Where Late the Sweet Birds Sang—Kate Wilhelm

I’ve been working my way through past Hugo winners, and this one dates back to 1976. Which made the book interestingly distracting for me from a professional point of view–taking a look at how book design has changed over the last 30 years. The cover for the original first edition of this is a lovely Escher illustration, and the typeface was remarkably similar to Stymie–though I might be wrong on that front.

This book was most certainly a product of the cold war, with the world falling prey to man-made plagues, nuclear attacks and environmental degradation due to pollution. A small well off family in the Shennandoah valley determines that the only way for civilization to survive is through cloning, and use their resources to set about creating clones–who are weaker both mentally and physically with each following generation. It also becomes a discussion on individuality and the power of uniqueness to inspire creative thought and innovation.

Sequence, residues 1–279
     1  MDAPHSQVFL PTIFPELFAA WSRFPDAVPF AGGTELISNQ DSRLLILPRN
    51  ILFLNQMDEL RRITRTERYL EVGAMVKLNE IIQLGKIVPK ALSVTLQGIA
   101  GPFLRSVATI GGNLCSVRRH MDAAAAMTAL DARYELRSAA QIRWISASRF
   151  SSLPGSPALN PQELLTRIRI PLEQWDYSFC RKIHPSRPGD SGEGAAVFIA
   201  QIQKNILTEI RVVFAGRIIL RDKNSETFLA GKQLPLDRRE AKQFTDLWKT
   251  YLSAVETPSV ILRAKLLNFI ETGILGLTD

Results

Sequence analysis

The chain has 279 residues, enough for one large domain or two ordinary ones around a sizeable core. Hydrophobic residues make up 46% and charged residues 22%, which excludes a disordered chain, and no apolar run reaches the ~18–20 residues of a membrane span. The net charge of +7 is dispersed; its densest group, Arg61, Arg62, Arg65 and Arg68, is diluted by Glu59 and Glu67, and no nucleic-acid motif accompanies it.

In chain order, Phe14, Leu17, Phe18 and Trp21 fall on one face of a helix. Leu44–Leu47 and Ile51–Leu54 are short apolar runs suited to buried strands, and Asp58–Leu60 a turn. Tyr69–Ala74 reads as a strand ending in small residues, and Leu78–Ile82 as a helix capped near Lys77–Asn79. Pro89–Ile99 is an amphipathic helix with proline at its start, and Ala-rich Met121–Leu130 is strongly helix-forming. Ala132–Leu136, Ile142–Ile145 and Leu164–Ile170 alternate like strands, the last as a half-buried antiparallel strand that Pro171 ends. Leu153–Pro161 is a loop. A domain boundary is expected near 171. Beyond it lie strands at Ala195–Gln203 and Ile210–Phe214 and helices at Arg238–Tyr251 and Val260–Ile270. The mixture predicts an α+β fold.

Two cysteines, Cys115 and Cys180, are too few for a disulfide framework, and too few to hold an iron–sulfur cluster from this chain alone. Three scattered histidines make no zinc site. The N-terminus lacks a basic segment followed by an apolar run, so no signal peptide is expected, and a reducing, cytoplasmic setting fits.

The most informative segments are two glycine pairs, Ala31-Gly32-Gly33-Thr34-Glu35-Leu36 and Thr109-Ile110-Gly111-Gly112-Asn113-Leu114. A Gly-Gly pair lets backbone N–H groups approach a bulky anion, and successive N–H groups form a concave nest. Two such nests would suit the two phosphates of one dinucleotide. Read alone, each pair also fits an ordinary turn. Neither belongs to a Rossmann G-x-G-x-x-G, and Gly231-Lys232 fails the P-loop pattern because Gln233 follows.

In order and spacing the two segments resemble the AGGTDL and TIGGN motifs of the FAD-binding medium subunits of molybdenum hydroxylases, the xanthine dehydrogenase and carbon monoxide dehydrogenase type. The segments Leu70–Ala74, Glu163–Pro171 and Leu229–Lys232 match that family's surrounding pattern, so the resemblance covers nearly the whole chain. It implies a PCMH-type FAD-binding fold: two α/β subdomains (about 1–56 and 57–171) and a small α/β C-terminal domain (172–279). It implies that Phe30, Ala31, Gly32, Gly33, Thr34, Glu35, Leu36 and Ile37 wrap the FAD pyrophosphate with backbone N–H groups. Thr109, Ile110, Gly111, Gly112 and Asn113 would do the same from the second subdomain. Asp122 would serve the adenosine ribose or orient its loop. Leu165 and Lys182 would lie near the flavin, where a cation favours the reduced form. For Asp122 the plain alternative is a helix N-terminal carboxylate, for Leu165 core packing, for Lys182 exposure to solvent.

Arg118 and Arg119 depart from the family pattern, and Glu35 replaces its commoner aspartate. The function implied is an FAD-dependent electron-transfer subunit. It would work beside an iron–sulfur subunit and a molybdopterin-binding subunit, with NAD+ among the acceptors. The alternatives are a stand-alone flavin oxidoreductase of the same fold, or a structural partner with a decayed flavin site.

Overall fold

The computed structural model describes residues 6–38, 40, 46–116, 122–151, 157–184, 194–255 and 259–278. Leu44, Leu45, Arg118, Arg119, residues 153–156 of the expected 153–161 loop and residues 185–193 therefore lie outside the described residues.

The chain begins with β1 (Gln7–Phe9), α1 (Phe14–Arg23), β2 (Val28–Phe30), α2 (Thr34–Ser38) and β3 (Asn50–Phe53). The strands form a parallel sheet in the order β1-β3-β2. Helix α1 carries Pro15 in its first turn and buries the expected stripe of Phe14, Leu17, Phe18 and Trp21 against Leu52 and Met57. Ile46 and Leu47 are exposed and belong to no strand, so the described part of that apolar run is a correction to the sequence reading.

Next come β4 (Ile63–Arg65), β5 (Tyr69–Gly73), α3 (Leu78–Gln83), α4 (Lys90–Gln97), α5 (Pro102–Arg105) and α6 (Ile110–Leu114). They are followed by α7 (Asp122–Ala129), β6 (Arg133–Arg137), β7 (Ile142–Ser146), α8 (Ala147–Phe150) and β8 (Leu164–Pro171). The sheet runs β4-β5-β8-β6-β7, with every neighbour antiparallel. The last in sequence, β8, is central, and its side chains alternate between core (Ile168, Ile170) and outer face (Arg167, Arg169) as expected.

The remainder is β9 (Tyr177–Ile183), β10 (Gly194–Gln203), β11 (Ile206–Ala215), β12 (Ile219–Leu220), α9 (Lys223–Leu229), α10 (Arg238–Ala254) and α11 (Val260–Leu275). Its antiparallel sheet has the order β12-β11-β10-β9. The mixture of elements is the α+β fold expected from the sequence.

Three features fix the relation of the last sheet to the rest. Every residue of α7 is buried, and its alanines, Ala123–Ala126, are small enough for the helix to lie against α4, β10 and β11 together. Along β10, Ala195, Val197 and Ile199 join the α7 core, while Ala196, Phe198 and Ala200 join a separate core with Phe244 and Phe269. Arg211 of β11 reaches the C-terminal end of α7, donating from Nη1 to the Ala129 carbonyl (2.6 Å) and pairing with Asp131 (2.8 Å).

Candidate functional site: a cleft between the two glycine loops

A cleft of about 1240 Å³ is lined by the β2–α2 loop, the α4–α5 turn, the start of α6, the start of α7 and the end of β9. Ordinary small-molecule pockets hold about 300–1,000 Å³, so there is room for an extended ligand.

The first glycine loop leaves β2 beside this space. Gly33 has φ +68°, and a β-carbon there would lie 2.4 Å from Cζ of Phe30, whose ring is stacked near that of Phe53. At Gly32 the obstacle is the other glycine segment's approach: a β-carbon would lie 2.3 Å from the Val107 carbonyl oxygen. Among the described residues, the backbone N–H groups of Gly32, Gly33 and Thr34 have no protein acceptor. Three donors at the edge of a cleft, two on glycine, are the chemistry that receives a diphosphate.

The ending wasn’t surprising, but there was a lot of interesting material here for my brain to chew through–as ideas surrounding solitude and loneliness are things I often contemplate, being a loner by nature. While some of the approach to things ultimately dated the book, I think it still stands up well to other Hugo award winners. (I think it’s also important to note that Wilhelm was one of the founders of the Clarion workshop.)